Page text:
No authority is adduced to prove that Gilbert was ever a dependent on a Norman lord. On the contrary, nearly all the testimony in the case goes to show that he enjoyed an easy competence. Brompton is cited in attestation of his Saxon birth His words are, Anglicus et Londoniarum incola civitatis." One would infer, that this was the chronicler's assertion; whereas it is Gilbert's supposed answer to a supposed question put to him by a Saracen maiden, into whose father's hands he is supposed to have fallen. But if the words indicate the chronicler's opinion, the adjective Anglicus is an answer to an inquiry about Gilbert's country, and proves nothing as to his race. The other authority, the Vita Quadripartita, we have not been able to consult. The passage, however, agrees with Brompton, as Dr. Giles quotes the same words from the Quadripartite Compilation. The conjecture about the diminutive is supported by two lines from two old ballads, in one of which "Young Beckie," and in the other "Young Beichan," are named. One of these ballads is downright Scotch, and the other is sprinkled with Scotch words. We are bound to infer, therefore, according to Thierry's reasoning, that "Annie" proves the Saxon origin of Ann, and "Susie," which actually occurs in one of the ballads, a similar fact as to Susan, though both are Scripture names. The lord of foreign race seems to be a sheer invention. The legend which relates the journey of Gilbert to the Holy Land, so far from attaching him to the person of a superior, declares that he took a serving-man named Richard with him.
in love with Gilbert Becket, who, on his way to the Holy Sepulchre, had been captured by her father and reduced to slavery. The slave, however, having gained the favor of the parent, unknowingly stole away also the heart of the child. The heart-sick maiden, unlike patience on a monument, told her love, and offered to become a Christian, if he would pledge himself to take her to wife. He seems to have been more anxious himself to join the company of believers than to have her do so; for, on the first opportunity, he made his escape by night to Christian territory, without taking leave of Amurath or his daughter. The candid damsel followed. Finding in the land of the Christians a ship about to transport some merchants, who knew her language, to England, she embarked with them, and on her arrival set out at once for the metropolis, whither she found her way by repeating her only English word, "London, London." After straying awhile about the streets, the laughing-stock of the crowd, she was recognized by Gilbert's serving-man, Richard, who had accompanied his master to the Holy Land. The judicious Gilbert, not deeming it wise to take her to his own house, placed her with a widow, who lived hard by, and went to take ghostly counsel of six bishops, who happened to be in session at St. Paul's. They saw the hand of God in this thing, and advised him to marry the girl, if she would be baptized. To this she assented, still insisting on matrimony as the quid pro quo. The rite was performed, and the pair were married. The next morning, our whimsical husband was seized with a violent desire to revisit Palestine. But he was unwilling to leave his young wife alone in a land of strangers. His uneasiness aroused her curiosity, and she soon drew from him the secret. Like a true heroine, as she was, she besought him to obey his conscience. Leaving Richard behind, he set out for the Holy Land, where he made a short stay of three years and a half. When he returned, he found in his house a beautiful boy, who called him father, and himself Thomas Becket. So endeth the tale of the loves of Gilbert and Matilda.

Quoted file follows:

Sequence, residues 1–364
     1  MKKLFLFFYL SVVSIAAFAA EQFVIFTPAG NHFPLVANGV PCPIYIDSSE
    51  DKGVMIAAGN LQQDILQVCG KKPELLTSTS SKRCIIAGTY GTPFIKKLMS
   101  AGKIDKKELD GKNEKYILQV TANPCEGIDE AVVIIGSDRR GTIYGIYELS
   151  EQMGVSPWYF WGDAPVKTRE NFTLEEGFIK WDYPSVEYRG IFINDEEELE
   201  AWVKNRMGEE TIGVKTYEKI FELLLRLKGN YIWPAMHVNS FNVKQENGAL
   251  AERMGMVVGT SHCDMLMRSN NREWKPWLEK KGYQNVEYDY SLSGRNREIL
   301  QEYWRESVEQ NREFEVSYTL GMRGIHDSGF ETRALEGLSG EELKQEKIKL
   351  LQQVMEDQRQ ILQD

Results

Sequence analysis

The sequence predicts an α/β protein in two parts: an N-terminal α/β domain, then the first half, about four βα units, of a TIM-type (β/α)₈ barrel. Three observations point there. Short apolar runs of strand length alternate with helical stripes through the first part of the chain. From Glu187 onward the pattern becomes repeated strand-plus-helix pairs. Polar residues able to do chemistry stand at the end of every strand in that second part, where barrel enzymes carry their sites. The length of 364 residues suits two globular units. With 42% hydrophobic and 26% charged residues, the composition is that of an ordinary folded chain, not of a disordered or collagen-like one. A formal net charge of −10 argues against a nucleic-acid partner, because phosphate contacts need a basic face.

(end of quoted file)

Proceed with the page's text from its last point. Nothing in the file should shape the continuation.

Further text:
Of this pleasant bit of romance, Dr. Giles seriously remarks, "There seems no reason to doubt the facts which it relates." We think, on the contrary, that it has more than one internal mark of improbability. What Fitzstephen says, and omits to say, is strong evidence against it. He simply